Constable Jurgen Seewald was murdered by a wife beater who was threatening his girfiriend. Constable Douglas Scott who was only 20 years old was murdered by a wife beater and Constable Scott was trying to protect the murderer’s Inuk girlfriend.

When women and children are beaten, abused and tortured by men in their communities, the RCMP are the only people they can turn to. When women are beaten up on our communities, the community turns their back on them.

Those hypocritical organizations like QIA and NTI turn their backs on them too. They do nothing to help Inuit who are abused in their communities, probably because there are so many abusers who work for these organizations.

This is why Inuit women flee to the cities to escape violence in communities, because everyone refuses to help them. They flee to the cities and sometimes end up missing and murdered. Shame on QIA and NTI for doing nothing to help them. Shame on them!

#11. Posted by Jack on September 13, 2018

#10 I think you need to learn some history of this north, once you do you will realize why there is so much social problems up here. Instead of pointing fingers today at people that need help.

White this inquiry we go back to where the problem started and learn about it and find ways to make the fixes needed, but unfortunately it’s complicated and we have to fight for these improvements and try and make you understand at the same time. It’s a uphill battle while going through all these social issues at the same time.

#12. Posted by Peter on September 13, 2018

#7 we cannot learn from our mistakes if we do not learn from the past, we cannot move forward. Lest we forget.

#13. Posted by iWonder on September 13, 2018

#1 Jack, how would you like to see ‘Canada’ deal with this (for that matter, what is ‘Canada’ in the terms you’ve used: the state, the people of Canada)?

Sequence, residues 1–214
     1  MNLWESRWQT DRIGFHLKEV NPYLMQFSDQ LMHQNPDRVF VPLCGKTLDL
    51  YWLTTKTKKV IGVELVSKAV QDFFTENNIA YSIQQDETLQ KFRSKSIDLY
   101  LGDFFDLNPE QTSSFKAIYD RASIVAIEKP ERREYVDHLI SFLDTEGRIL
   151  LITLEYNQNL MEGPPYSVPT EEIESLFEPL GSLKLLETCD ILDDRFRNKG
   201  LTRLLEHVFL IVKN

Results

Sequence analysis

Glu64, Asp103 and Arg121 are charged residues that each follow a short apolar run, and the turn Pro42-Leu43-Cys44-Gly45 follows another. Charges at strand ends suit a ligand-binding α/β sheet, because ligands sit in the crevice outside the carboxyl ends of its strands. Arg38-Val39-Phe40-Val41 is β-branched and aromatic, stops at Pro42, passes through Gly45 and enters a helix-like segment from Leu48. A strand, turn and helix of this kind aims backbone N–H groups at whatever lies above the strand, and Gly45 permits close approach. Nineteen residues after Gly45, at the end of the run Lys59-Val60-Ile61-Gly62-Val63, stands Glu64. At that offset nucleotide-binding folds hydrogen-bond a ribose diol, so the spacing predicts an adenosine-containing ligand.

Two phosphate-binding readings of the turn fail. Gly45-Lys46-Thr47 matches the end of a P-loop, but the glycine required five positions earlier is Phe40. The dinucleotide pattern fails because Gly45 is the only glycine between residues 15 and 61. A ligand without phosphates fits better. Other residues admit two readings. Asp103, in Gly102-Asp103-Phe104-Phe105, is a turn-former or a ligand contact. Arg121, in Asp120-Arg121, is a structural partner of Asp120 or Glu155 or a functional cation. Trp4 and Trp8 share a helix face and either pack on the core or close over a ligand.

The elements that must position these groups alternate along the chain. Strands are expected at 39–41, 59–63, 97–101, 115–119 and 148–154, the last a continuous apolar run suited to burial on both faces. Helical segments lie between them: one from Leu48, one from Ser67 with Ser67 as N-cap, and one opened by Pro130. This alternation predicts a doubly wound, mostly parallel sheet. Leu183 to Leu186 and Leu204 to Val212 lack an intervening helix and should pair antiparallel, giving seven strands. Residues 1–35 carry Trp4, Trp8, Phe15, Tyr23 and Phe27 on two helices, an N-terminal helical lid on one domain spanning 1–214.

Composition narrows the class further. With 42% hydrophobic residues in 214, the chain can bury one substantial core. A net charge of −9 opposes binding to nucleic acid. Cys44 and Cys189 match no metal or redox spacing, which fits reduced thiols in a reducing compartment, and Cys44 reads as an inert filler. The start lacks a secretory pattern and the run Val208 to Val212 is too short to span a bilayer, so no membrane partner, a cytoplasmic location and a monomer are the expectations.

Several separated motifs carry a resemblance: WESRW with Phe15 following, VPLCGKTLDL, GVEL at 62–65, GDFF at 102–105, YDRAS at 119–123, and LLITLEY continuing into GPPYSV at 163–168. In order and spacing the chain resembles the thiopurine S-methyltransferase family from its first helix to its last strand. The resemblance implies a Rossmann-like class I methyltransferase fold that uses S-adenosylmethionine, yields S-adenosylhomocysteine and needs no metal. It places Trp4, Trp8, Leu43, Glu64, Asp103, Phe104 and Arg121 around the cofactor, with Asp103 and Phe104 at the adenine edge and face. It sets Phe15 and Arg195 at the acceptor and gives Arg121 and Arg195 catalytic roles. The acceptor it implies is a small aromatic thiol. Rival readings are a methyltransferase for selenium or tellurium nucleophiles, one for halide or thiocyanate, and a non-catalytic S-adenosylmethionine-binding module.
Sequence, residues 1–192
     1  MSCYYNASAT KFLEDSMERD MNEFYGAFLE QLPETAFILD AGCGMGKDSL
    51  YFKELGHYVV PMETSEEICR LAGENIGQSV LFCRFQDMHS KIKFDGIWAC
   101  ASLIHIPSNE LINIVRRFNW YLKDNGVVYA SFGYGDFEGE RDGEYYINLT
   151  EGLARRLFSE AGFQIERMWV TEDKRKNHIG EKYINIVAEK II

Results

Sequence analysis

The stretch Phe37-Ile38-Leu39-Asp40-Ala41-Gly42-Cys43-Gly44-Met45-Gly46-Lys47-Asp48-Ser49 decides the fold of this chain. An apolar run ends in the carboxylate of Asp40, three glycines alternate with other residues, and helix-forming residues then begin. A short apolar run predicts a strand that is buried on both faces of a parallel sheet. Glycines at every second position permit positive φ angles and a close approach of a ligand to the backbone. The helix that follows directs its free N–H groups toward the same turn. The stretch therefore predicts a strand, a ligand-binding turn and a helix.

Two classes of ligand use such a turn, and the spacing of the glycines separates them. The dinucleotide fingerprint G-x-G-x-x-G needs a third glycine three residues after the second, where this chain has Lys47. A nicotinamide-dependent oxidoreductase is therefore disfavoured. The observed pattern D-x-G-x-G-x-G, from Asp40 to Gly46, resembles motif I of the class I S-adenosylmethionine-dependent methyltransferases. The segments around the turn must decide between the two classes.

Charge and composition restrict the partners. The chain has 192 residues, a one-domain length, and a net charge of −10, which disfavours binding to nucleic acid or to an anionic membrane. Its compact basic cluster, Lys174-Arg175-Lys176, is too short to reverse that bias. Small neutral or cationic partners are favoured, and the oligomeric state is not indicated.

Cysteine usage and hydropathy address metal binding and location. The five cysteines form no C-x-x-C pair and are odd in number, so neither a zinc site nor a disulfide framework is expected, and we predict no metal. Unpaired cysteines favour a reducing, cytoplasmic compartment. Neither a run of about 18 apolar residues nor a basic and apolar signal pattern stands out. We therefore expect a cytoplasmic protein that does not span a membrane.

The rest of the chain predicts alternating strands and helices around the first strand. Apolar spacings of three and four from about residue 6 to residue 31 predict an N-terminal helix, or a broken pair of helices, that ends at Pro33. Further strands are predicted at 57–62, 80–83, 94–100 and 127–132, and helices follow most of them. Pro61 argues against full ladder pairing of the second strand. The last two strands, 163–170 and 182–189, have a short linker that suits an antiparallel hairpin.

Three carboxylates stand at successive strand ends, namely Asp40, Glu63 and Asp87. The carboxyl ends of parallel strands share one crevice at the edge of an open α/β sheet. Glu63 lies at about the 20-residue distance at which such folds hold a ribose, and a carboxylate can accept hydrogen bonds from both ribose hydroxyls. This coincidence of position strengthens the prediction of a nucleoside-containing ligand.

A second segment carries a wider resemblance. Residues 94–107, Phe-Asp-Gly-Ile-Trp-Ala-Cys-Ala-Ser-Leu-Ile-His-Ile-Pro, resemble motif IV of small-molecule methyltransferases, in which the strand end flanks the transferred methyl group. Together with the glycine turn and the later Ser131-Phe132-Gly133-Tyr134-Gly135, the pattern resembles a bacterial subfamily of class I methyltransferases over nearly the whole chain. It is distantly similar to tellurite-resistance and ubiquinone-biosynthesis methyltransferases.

Please let us know how do you envision that?

#14. Posted by Thank you for service. Iqaluit. on September 13, 2018

# 9 & #10,
Very good comments.
There are a lot of Nunavut people who appreciate the work of the
RCMP and the services provided by the people of Canada.
Crooks don’t realize if it wasn’t for the RCMP, vigilantes would have
stood them up against a wall years ago.
This happened a lot before the RCMP came north.

#15. Posted by Two Sides on September 13, 2018

Yes, some men think it is okay to beat their wives or girlfriends.  They are cavemen, who should stay in caves!

RCMP are called then, to sort things out and may have to get tough with the guy hurting his partner.

The Question is - why do men up here think they can hurt their Partners?  Why take all your problems out on your wife or girlfriend?  That’s crazy behaviour.

Nobody should ever hurt their wife or girlfriend. Never!

It makes you less of a man, looking stupid and unsafe around other people.

Don’t put down the RCMP when YOU are doing something that is wrong!

#16. Posted by Why on September 13, 2018

Why is it they are always asking for an apology. how many apologies do they need. so much money being spent on getting apologies after apologies.

#17. Posted by So say all of us ( Kitikmeot ) on September 14, 2018

My father was an RCMP officer, after I was born he wanted to take my
mum and me too Saskatchewan where his father had a large grocery
store.
This was 1961, my mums parents wanted her to stay with them.
At Xmas he always sent us money and a nice letter. I met him many
times, no problems at all.
And that is all, such is destiny.

#18. Posted by Why? on September 24, 2018

Why is it that non indigenous people feel threatened by this? Why is it that they do not understand why there should be an apology? It really boggles my mind that some non indigenous person has this type of mindset.